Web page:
I really hoped Saakashvili would let them protest all they wanted, but he's an impatient guy, unfortunately, and so he ended up using some force today to get them out.
I haven't been following the situation in Georgia too closely, but BBC tells me "the protesters accuse President Saakashvili of corruption and of not doing enough to tackle poverty" - and I've no reasons not to believe them.
Here's what I wrote about Georgia four years ago:
Farewell to Shevardnadze
by Veronica Khokhlova
It's getting seriously cold here in St. Petersburg, and I am desperately trying to fight off the urge to hibernate. The past few weeks have been a success, for all the wrong reasons. Stuck so relatively close to the North Pole, I've been watching the news from all those blessed, warm localities - Israel, Iraq and Turkey: every single day, so much shock and pain, so much bloodshed.
Saturday afternoon, another eruption, this time in Tbilisi, Georgia. At first, I cried. I just couldn't imagine that what I was seeing live on BBC and CNN could possibly disturb the current destructive pattern. Tbilisi wasn't new to violence, after all.
But within an hour or so, my pessimism was gone. The crowd was so united, and the roses were so not like guns, and the way in which Shevardnadze was ushered out of the parliament building was so pathetic, and the opposition leaders were so confident and astute. I feared something could still go wrong later - but it also looked like it most definitely wouldn't.
It all went smoothly and I'm so happy now. I'm so proud of the Georgian people. And I keep thinking of two minor episodes that to some extent seem to explain to me, a dilettante, what this "velvet revolution" might have been about.
One of my dear friends used to work in Tbilisi several years ago. In December 2000, she came to spend a few days in Kyiv before flying to the States for the holidays. We were at the airport to meet her and, as we moved away from the gate, still hugging and kissing and helping her with the luggage, we didn't notice how something dropped out of her backpack. Someone called after us - and my friend gasped and rushed back so speedily as if it was her wallet, or something as precious, lying there on the floor. It was a flashlight, an ordinary flashlight. "Oh, you don't understand," she told us with some abandon. "It's my most valuable possession, the most indispensable thing I own now." This is how I learned about the never-ending power shortages in Georgia.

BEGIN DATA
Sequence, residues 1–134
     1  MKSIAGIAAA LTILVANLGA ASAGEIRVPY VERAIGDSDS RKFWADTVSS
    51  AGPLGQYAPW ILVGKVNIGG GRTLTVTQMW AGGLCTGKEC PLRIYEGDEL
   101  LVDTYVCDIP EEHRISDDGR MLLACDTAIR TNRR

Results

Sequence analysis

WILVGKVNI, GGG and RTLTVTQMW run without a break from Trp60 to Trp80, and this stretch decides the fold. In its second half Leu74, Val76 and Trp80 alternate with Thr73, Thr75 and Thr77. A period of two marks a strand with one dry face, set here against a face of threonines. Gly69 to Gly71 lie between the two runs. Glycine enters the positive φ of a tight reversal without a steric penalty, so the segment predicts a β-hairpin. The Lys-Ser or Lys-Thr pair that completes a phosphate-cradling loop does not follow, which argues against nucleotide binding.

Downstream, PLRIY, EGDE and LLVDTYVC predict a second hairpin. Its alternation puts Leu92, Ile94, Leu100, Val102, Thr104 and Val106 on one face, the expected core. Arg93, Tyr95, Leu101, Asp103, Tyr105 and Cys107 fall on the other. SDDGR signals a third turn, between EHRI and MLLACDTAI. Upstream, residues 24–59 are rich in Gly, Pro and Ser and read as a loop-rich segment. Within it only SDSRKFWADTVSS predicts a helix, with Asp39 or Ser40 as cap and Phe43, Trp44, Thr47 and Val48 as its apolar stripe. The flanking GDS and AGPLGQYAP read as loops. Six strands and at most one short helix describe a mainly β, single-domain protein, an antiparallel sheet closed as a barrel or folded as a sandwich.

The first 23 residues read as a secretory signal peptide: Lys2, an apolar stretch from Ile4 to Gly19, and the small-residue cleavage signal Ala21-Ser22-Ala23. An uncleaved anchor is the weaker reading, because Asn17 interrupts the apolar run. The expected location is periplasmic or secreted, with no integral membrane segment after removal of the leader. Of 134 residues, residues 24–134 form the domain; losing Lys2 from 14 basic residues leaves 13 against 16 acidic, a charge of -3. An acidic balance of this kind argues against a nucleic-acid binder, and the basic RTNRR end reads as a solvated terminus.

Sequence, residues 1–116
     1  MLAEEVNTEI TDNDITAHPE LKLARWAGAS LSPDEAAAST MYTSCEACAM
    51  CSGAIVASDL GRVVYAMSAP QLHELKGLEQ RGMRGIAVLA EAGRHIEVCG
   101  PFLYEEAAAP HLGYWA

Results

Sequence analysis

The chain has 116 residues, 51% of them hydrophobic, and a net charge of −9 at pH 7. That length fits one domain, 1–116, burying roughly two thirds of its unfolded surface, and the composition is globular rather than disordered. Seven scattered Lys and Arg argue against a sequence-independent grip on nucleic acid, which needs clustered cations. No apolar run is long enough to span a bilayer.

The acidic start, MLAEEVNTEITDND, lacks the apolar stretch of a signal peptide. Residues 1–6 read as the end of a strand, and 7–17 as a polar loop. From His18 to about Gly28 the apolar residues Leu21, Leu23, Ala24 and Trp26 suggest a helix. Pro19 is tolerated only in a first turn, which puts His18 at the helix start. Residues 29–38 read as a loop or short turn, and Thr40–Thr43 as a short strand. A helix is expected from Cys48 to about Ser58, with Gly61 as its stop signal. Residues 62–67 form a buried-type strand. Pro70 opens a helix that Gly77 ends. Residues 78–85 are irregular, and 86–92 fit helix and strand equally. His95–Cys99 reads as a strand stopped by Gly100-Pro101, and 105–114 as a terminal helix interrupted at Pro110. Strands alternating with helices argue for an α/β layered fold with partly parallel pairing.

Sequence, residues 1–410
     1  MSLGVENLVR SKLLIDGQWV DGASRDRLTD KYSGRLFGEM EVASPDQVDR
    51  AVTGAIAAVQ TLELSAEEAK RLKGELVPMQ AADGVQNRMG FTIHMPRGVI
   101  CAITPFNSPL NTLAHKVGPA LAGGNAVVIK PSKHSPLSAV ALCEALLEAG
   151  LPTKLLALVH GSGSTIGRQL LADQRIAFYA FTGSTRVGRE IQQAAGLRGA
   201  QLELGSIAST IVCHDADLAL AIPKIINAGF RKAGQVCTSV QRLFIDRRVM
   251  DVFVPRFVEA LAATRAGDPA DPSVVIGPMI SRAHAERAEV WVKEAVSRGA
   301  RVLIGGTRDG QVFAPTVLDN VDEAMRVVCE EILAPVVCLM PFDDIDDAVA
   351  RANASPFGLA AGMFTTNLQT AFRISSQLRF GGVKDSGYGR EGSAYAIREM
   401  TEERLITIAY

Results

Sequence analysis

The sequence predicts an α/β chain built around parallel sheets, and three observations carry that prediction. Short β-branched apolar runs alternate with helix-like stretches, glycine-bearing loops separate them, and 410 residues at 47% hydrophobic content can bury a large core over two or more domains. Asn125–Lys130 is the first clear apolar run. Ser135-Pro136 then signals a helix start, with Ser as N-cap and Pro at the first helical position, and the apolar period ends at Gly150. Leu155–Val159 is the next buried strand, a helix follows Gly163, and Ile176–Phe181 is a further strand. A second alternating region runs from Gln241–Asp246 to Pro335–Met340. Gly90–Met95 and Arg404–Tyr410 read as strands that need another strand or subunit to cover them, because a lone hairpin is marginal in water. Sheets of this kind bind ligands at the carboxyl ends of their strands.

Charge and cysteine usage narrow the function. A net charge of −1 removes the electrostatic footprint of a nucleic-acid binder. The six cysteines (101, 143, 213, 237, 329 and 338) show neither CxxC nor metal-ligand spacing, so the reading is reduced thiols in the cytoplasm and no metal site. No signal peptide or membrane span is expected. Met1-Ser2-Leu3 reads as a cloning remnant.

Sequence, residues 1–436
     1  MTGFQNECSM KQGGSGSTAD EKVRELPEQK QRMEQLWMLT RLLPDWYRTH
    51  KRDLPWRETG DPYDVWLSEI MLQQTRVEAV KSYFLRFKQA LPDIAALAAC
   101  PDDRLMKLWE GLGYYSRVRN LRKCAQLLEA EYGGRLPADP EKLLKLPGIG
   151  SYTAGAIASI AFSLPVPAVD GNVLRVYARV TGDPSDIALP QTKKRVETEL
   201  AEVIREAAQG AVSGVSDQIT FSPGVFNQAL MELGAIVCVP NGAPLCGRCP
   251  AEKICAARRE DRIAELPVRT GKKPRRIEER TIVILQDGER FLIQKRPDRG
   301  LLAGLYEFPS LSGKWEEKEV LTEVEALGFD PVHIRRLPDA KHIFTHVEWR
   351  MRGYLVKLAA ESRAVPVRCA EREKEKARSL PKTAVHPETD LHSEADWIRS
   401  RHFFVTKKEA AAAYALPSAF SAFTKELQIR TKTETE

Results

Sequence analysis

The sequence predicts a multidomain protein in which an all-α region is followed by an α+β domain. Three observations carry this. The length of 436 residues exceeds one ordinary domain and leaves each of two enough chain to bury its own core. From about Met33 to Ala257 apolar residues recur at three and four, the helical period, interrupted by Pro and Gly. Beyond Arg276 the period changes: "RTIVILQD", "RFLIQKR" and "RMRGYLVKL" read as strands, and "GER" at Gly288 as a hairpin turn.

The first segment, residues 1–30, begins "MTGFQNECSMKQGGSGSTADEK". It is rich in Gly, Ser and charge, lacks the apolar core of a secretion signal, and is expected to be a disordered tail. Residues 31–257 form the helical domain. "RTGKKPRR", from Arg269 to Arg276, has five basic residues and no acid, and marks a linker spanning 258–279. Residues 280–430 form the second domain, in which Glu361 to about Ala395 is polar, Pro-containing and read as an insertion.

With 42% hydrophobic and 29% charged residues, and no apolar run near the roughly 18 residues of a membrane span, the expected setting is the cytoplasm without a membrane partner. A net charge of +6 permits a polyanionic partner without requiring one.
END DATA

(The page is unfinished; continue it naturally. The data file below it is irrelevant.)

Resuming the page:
Two years later, in October 2002, I was in a cab in Moscow, on my way to the Kremlin Cup finals. The driver was Georgian, and since he seemed interested, I decided to share some of the tournament's highlights with him. One was Russia's ex-president Boris Yeltsin, of course, who had spent over six hours cheering for a succession of this country's players on a previous day. No matter what one's political views might be, Yeltsin the Tennis Fan could be very amusing, even cute. The Georgian cab driver had a slightly different take on it. He shook his head in disbelief and fired out a curse in Russian so powerful and wordy that I think I blushed. Then he elaborated: "And look at our old fart, Shevardnadze! That's what he should be doing - retire and spend the rest of his life watching tennis! And instead, he is stealing and stealing and stealing, till nothing remains of the country!"
Shevardnadze has been ousted, beautifully. I now hope that besides political satisfaction, the Georgians will have heat and light restored in their homes. I also hope that there'll emerge enough new opportunities for the exiles like this cab driver and his family to return to their homeland.